This post is part of a series featuring Farm to Fork Ambassadors from Archi’s Institute for Sustainable Agriculture. Students chosen by the Office of Farm to Fork will share their stories and the journey many like them are taking to create a new career path in farming after leaving the military in three blog posts here on Tales from the Field. Many of the students are exploring niche markets in California by developing business plans to grow less traditional fruits and vegetables or to support often overlooked populations.

Building Partnerships: Training Child Nutrition Directors on School Gardens, Local Produce, and Student Engagement

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The Office of Farm to Fork held its third and final Child Nutrition Director Training at Encinitas Unified School District last month. The training, hosted by Lea Bonelli, Director of Nutrition Services, shed light on techniques to incorporate more fresh local produce, including fast-scratch recipes, discussed working with school gardens, and shared strategies on creating student buy-in.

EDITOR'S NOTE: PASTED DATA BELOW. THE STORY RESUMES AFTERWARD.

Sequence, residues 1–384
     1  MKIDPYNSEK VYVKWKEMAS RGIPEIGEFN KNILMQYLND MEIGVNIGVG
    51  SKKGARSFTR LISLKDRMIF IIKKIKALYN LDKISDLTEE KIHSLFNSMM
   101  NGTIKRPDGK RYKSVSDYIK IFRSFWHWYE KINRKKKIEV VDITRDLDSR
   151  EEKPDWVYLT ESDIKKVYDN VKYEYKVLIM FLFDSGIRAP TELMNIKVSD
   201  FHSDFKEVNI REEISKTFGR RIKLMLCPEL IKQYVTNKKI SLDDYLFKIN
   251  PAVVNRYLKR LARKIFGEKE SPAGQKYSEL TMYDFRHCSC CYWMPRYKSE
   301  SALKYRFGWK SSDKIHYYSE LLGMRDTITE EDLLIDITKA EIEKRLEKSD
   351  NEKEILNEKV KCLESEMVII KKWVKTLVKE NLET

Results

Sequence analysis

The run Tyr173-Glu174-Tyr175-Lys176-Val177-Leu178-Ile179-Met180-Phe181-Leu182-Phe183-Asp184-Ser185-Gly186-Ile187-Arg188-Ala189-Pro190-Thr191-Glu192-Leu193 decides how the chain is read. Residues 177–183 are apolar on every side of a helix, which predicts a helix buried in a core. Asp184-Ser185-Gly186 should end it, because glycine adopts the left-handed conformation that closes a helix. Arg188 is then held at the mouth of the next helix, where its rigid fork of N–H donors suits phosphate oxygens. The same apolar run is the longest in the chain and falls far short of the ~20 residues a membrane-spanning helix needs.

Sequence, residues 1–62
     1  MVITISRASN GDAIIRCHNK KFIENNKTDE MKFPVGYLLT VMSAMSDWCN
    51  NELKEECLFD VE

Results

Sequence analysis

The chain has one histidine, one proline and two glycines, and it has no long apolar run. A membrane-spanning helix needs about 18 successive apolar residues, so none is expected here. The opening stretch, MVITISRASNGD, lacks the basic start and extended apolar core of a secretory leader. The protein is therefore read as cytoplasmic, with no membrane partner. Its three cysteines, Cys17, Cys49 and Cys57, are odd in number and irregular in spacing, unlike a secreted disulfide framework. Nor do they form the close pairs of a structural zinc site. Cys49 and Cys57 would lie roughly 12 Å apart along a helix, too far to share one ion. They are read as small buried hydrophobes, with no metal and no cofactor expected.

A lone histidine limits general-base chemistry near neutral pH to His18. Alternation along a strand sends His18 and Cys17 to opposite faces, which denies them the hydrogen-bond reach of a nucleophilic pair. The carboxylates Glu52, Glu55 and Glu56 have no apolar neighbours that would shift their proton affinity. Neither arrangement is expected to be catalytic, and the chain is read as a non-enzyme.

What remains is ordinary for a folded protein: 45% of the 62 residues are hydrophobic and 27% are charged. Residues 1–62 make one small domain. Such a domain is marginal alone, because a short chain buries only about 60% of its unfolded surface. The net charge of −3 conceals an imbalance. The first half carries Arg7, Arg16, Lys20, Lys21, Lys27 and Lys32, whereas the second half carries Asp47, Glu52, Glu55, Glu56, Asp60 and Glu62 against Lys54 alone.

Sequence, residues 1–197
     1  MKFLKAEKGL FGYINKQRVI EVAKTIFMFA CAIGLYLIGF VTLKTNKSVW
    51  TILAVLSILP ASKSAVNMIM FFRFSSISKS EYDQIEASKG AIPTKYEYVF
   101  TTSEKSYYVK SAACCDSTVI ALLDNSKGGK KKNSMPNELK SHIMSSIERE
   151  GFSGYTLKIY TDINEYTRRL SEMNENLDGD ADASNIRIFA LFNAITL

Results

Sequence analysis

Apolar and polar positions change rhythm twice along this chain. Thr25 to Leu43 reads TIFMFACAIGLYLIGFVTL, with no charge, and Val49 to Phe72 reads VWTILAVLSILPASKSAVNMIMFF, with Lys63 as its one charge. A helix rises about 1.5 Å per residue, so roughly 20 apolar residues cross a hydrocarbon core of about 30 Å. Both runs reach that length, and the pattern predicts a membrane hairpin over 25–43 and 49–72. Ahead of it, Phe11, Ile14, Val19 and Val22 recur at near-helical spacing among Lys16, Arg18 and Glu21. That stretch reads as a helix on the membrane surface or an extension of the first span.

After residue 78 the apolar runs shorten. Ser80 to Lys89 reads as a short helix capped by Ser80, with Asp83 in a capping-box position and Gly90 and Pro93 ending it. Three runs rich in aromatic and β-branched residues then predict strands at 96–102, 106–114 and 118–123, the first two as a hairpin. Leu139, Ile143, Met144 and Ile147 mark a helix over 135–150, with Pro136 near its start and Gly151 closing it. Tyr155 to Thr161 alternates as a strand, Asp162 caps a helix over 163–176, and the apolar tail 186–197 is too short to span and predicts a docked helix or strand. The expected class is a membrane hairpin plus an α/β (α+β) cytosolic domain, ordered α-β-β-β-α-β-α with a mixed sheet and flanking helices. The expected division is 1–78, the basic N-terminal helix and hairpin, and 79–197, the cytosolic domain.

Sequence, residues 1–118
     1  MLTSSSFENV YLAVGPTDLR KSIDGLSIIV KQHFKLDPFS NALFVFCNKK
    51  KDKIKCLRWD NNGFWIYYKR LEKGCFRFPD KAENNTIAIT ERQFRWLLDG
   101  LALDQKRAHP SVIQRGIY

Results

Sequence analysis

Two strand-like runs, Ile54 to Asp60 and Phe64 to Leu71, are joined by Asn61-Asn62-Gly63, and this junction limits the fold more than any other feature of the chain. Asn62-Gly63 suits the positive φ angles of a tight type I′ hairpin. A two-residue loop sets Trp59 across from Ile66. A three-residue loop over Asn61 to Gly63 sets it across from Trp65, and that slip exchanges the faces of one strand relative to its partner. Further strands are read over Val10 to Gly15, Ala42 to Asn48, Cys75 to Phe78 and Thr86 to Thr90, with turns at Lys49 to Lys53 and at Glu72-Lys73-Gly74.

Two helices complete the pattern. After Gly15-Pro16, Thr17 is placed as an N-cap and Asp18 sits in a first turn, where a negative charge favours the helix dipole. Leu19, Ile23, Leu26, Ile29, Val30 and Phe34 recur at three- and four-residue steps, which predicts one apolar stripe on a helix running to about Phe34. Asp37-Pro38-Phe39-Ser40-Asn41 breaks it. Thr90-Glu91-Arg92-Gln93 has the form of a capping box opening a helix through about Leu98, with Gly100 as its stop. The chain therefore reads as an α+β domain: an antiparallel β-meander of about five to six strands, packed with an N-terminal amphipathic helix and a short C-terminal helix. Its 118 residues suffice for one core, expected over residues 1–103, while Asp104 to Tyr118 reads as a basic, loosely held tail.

Bonelli focused the day on how she has trained staff to work with fresh produce, largely from the Farm Lab, a district run farm and student educational center. Purchasing fresh fruits and vegetables can be a daunting task for school districts. Items often require processing prior to serving, which presents a challenge for busy food service staff with often limited skillsets and time. Giving staff the correct skillset and protocols allows them to quickly, confidently, and safely prepare student meals.

During the training, attendees visited the district’s central kitchen and saw firsthand how staff prepare fresh student meals, including Farm Lab romaine for the salad bar and pizza made with sauce from last season’s tomatoes. During the summer months, Encinitas staff freeze large portions of fresh vegetables to be used throughout the school year. Staff also demonstrated techniques for preparing fast-scratch meals using commodity products, like corn and beef. Attendees were then served a typical student lunch that featured Farm Lab romaine, local kiwis, and pizza made with fresh dough.